All exercise participants will be prescribed exercise that meets guidelines of the American College of Obstetricians and Gynecologists (ACOG), American College of Sports Medicine (ACSM), and the American Heart Association (AHA); 150 minutes per week, moderate intensity (60-80% aerobic capacity, Rating of Perceived Exertion, RPE, 12-15) per week. These limits are the same as those that generated previous positive findings for our preliminary data. The AE group will exercise on aerobic machines (i.e. treadmill, elliptical, bicycle) for all of their sessions.

Trial Logistics

Trial Timeline

Approximate Timeline
Screening: ~3 weeks
Treatment: Varies
Reporting: 12 months
This trial has the following approximate timeline: 3 weeks for initial screening, variable treatment timelines, and roughly 12 months for reporting.

Who is running the study

Principal Investigator
L. M.
Prof. Linda May, Associate Professor; Interim Dept. Chair
East Carolina University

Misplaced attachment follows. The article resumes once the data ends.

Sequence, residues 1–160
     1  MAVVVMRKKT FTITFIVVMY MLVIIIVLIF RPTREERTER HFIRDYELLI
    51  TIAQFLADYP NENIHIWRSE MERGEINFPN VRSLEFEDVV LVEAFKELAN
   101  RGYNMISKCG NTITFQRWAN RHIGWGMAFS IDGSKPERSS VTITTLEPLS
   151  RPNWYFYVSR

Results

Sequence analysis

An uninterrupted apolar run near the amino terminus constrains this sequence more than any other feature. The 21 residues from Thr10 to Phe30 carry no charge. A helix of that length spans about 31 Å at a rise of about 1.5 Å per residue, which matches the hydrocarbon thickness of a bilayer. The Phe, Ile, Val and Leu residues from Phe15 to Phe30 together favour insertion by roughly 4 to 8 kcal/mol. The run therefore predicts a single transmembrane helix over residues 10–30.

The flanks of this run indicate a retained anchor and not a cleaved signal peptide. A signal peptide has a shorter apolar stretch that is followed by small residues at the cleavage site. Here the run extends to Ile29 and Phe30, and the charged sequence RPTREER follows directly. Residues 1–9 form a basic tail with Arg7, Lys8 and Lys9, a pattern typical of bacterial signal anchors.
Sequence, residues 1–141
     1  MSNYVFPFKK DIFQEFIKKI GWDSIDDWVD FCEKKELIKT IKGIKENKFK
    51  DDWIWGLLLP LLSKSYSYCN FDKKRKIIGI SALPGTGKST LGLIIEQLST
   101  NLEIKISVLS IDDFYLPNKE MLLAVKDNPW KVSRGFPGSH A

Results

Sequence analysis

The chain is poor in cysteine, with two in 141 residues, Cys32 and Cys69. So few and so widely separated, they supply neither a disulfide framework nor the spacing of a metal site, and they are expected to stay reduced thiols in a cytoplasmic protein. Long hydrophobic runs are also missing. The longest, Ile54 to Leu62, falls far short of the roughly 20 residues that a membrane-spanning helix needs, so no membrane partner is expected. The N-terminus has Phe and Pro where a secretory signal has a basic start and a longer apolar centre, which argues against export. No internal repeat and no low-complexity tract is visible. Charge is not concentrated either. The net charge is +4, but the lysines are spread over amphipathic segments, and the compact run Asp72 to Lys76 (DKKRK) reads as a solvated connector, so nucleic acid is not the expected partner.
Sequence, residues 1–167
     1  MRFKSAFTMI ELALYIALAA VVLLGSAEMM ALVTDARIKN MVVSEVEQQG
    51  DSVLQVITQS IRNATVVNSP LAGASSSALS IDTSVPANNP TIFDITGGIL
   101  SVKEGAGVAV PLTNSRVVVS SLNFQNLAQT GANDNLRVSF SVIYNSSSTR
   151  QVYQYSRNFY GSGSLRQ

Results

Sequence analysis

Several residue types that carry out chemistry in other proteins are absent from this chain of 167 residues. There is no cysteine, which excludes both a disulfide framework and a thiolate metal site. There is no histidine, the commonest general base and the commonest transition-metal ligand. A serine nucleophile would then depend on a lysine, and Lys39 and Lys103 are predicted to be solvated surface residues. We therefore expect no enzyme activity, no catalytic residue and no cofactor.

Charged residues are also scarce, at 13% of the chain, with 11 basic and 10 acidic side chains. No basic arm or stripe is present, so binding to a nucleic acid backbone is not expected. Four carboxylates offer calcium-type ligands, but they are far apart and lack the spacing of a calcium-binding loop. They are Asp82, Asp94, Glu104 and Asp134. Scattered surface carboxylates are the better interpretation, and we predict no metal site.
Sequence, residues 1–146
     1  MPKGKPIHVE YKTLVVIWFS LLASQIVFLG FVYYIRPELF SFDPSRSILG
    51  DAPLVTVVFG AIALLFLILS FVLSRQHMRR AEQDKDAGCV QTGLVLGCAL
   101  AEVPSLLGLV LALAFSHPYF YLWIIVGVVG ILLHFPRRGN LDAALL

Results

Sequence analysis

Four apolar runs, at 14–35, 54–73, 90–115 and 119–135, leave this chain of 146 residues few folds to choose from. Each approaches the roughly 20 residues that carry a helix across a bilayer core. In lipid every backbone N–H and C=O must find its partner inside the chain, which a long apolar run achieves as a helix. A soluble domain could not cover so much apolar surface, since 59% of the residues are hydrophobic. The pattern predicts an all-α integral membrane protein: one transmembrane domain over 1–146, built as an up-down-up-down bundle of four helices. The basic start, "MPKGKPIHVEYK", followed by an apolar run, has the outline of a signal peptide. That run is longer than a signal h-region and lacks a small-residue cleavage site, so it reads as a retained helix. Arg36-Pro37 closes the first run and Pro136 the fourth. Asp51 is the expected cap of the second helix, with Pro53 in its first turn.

Closest Location

East Carolina University - Greenville, NC

Eligibility Criteria

This trial is for female patients between 18 and 65 years old. There are 4 eligibility criteria to participate in this trial as listed below.

Mark “yes” if the following statements are true for you:
A singleton pregnancy is a pregnancy with one fetus show original
during pregnancy It is safe for pregnant women to exercise as long as they have clearance from their obstetrician show original
We are looking for someone who is 18 to 40 years old. show original
BMI between ≥ 25

Patient Q&A Section

Please Note: These questions and answers are submitted by anonymous patients, and have not been verified by our internal team.

How many people get obesity a year in the United States?

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Obesity affects 30.2% of the US female population and 24.9% of the male population with the most obese being Hispanic, black African American, and Asian/Pacific Islander. On average there are over 2.6 million individuals in the US overweight or obese with 13% of the population being obese.\n

Unverified Answer

Can obesity be cured?